Finally, without vigorous philosophy, theology and the very life of the Church risk slipping into emotivism. In the name of being pastoral, the Church threatens to become merely indulgent, malleable, affective, and practical; in effect, anti-intellectual. This is exactly the wrong moment for that kind of mistake.
We live in a time when Christian truth is increasingly misunderstood, disdained, or simply unknown, even among baptized Catholics. Michael Polanyi would have recognized our culture’s contradictions, and its emerging shape. It’s a mix of “fierce moral scepticism [paradoxically] fired by moral indignation. Its structure is exactly the same as that of the moral inversion underlying modern totalitarianism”—a contempt for traditional morality, fused with and fueled by ferocious moralizing for social change. Rational consistency is irrelevant. Passion becomes its own justification.
At a more immediate level, the pastor of a local church must meet his people in their hearts and real lives, but also in their minds. We’re beings made for the truth. Thus a clear, appealing presentation of the faith plays a vital role in forming Christians. As a bishop, I sometimes hear from parishioners that one of their concerns with some priests has to do with the content of the homilies they hear each week. They’re happy with calls for kindness or generosity, but they also hunger for homilies that present the substance of the faith, its mysteries and doctrines, in ways that are accessible and attractive. That kind of homily isn’t easy to do. But it’s impossible to do if we don’t have a credible theology, one informed by the strong philosophical traditions of learning that are at the heart of the Church and her patrimony.
Writing in the wake of Vatican II, the Italian Catholic philosopher Augusto Del Noce made three simple observations. First, our era is a “peculiar combination of the greatest perfection of means with the greatest confusion about goals.” Second, in the face of modern atheism—often less a hatred of God than a technology-driven indifference to him—“for a large part of today’s religious thought, the quest for aggiornamento simply means surrendering to the adversary.” And third, much of what styles itself as Christian progressivism, no matter how good its intentions, serves as the instrument of that surrender.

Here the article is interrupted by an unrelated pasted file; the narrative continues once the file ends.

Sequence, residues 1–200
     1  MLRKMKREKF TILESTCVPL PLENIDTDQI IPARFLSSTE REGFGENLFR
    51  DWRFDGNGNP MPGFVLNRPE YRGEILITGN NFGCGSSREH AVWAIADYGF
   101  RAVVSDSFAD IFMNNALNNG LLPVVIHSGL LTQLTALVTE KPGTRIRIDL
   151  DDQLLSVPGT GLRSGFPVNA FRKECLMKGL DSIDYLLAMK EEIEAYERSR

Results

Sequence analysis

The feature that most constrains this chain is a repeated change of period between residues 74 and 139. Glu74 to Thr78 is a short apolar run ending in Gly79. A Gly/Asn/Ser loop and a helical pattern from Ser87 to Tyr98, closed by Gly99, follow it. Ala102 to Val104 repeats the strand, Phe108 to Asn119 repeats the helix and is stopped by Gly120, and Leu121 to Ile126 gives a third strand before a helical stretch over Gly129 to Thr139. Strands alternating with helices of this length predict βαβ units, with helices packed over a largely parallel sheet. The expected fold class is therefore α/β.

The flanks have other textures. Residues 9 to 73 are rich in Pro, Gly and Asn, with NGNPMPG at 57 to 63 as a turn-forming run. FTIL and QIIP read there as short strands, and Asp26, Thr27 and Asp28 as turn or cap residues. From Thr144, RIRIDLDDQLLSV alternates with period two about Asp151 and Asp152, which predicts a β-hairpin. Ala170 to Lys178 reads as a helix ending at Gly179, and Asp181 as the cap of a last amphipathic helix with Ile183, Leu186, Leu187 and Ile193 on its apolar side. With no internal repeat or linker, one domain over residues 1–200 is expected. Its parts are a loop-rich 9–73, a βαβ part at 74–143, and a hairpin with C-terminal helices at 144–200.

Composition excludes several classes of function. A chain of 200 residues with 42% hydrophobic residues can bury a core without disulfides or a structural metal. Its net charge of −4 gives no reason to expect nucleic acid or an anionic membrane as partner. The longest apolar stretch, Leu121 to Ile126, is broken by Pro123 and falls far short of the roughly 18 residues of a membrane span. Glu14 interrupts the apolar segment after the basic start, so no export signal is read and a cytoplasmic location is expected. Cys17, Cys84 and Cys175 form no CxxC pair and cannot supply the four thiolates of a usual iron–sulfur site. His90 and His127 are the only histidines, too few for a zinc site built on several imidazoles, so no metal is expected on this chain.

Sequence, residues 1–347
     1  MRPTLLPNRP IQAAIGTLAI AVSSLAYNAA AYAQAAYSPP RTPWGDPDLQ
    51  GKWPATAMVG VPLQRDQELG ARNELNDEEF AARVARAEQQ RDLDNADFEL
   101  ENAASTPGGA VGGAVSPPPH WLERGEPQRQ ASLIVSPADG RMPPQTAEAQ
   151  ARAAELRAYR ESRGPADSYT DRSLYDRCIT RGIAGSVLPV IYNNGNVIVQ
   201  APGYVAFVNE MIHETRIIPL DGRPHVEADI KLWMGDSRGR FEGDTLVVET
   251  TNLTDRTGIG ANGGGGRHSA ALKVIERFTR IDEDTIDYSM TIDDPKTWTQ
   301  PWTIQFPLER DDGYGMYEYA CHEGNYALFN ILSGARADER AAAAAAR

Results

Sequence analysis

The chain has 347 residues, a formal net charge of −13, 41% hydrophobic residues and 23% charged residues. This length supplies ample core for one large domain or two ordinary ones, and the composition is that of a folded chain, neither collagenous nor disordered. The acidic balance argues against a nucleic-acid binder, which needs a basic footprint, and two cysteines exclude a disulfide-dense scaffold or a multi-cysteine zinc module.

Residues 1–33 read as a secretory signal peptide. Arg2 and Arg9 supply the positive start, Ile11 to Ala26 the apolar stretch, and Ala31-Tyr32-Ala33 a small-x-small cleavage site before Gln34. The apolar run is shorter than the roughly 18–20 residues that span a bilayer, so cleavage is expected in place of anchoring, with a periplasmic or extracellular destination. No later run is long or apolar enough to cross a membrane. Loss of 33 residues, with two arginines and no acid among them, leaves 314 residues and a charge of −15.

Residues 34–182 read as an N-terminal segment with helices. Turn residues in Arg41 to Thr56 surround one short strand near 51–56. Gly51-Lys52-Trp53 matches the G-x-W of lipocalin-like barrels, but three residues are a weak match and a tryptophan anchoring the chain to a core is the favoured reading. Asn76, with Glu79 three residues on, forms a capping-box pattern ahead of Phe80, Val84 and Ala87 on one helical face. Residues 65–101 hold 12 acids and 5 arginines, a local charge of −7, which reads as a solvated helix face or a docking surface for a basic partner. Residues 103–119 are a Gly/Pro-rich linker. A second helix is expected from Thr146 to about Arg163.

For Del Noce, the Church’s mission in every era is to bring the world into line with eternal principles while respecting the good in those things which are new. Much of progressive thought does the “exact inverse, since [it seeks] to bring Catholicism into line with the modern world.” By stressing action over contemplation and politics over metaphysics, progressivism reduces the supernatural core of Christian faith to a system of social ethics—a kind of baptized, humanitarian chaplaincy to a world that doesn’t need or want it. The result is obvious. The proof, for Del Noce, would be the hollowed-out national churches that now mark much of northern Europe.
A truly great Catholic intellect, in contrast, speaks from the heart of the Church because he or she is both a rigorous thinker and deeply attuned to the Word made flesh, wisdom incarnate. The confusion that dogged the Catholic world in the years immediately after Vatican II emerged in part from the absence of that kind of rigorous intellect fused with a deep and sincere faith. John Paul did much to heal the confusion. But it has never entirely disappeared, and it’s alive in our own day with new force. This is why the substance of Fides et Ratio is so important—not just for scholars, but also for everyday Christians who turn to the Church for guidance and a path to eternal life.
Read the whole thing. And read it in conjunction with the Cupich address. There is a titanic intellectual and spiritual struggle going on in the Catholic Church today. Whether or not you are a Catholic, and especially if you live in the West, this matters. A lot.